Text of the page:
A comment I wrote on Ethan Hein's account of color-coding sequencer tracks:
When you say “color coding improved your ears”, the first thing that comes to mind is that you are doing some kind of machine-assisted synesthesia. very cool, that.
another enticing pice from oblong industries
It's true that one of the elements is a blue ball that bounces in time to the music and touches down on the notes that are playing just then. Also true: a ball like that can never be entirely serious, but it can be entirely effective. What works is assisted synaesthesia, making sound seem like sight and looking seem like hearing. The time in which music happens is turned into the space of the animated score.
And then pretty quickly we hit this video of John Underkoffler at TED on the future of the user interface. Not quite what I was after, very lovely in its own Minority Report style but not for the perspective I was after.
This has an interesting perspective from a synaesthete, but I won't quote based on the copyright:
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An, finally, aha, wikipedia yields a reference: Plouznikoff, N., Plouznikoff, A. & Robert, J.-M. (2005), "Artificial Grapheme-Color Synesthesia for Wearable Task Support", Ninth IEEE International Symposium on Wearable Computers, pp. 108-113
This paper presents the benefits of generating an artificial visual synesthesia through a wearable computer. Following a short introduction to remind the need for seamless human-wearable computer interactions, this paper makes the case for drawing upon synesthesia, a combination of the senses naturally occurring in a small portion of the population, to augment everyday entities and more precisely to enrich written graphemes. We present the rationale behind our research and summarize the functionality, architecture and implementation of our current prototype. Preliminary results suggest that this kind of artificial synesthesia improves short term memory recall and visual information search times.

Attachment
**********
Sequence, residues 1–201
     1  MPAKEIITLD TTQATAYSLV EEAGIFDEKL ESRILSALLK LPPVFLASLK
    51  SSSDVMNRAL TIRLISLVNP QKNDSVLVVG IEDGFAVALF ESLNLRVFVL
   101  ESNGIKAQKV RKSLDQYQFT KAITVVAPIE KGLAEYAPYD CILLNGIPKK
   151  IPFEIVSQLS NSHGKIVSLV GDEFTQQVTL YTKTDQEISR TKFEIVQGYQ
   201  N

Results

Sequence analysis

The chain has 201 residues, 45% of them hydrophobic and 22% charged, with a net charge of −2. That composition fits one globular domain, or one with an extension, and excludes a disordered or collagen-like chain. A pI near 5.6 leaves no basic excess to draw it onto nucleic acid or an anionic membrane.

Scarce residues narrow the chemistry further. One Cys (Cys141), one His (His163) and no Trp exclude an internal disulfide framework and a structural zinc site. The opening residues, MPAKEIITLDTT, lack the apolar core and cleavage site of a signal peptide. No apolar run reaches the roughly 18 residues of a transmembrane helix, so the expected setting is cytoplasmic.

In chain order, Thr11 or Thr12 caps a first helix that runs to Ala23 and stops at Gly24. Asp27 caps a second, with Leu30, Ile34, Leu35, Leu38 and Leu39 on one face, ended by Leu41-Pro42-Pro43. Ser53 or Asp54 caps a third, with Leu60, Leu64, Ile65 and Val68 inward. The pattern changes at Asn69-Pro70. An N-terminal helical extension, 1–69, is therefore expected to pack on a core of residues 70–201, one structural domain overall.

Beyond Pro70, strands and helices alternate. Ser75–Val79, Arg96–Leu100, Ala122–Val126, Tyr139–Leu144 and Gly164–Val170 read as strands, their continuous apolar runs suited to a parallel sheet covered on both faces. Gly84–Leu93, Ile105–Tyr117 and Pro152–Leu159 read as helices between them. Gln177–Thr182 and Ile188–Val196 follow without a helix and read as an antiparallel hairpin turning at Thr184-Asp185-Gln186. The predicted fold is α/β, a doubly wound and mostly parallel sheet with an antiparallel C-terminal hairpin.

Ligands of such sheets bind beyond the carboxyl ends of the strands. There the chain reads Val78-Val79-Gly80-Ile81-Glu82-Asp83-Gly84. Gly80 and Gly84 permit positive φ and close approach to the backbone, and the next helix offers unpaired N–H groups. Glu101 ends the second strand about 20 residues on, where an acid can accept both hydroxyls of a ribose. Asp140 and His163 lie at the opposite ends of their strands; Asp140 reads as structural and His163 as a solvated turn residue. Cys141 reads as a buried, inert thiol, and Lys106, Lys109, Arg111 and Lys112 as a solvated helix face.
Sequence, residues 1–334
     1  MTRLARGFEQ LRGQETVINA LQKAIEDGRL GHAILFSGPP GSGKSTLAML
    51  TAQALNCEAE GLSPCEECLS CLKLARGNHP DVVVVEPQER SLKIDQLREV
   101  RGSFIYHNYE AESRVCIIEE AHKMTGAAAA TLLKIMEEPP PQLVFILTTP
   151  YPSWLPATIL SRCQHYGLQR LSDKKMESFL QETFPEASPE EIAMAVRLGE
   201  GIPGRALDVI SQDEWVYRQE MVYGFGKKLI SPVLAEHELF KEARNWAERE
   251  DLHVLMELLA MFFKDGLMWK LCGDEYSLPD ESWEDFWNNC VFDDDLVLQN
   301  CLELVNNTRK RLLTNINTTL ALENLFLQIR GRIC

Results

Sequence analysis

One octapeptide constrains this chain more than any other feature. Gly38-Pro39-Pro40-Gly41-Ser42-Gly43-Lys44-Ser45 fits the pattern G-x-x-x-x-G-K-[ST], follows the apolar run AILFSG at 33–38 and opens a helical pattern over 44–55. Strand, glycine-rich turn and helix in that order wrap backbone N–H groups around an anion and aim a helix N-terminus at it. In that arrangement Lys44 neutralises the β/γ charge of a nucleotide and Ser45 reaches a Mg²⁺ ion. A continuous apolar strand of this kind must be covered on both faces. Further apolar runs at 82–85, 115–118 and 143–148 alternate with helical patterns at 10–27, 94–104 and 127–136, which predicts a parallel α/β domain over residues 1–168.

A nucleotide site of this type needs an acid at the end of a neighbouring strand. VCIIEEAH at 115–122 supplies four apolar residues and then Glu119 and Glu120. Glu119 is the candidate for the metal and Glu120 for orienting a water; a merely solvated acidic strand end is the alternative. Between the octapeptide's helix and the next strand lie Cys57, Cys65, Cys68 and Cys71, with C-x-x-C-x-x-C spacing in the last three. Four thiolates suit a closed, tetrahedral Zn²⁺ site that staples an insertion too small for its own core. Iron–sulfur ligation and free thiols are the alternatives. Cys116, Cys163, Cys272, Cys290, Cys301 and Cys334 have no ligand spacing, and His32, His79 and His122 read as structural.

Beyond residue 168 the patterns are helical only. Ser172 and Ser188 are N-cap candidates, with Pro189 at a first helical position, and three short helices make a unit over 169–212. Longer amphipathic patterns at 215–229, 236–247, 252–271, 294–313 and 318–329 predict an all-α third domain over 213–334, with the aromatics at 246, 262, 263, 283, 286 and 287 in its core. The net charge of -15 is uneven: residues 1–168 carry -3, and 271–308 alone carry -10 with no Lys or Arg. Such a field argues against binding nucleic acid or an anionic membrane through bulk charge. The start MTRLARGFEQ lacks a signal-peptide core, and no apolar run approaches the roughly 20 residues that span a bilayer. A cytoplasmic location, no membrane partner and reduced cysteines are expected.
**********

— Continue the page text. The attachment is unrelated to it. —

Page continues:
and the followup paper crucially gives the link to augmented reality
This paper studies a novel approach advocating the virtual alteration of real-world interfaces through a form of augmented reality. Following an introduction reminding the need for easy to use and more consistent interfaces across our many day to day devices, this paper makes the case for using wearable computers to enhance the interactions between humans and conventional appliances. We present the rationale behind our research and summarize our current prototype's functionalities, architecture and implementation. Preliminary results suggest that virtually altering the interface of real world devices improves execution times for simple tasks using these devices.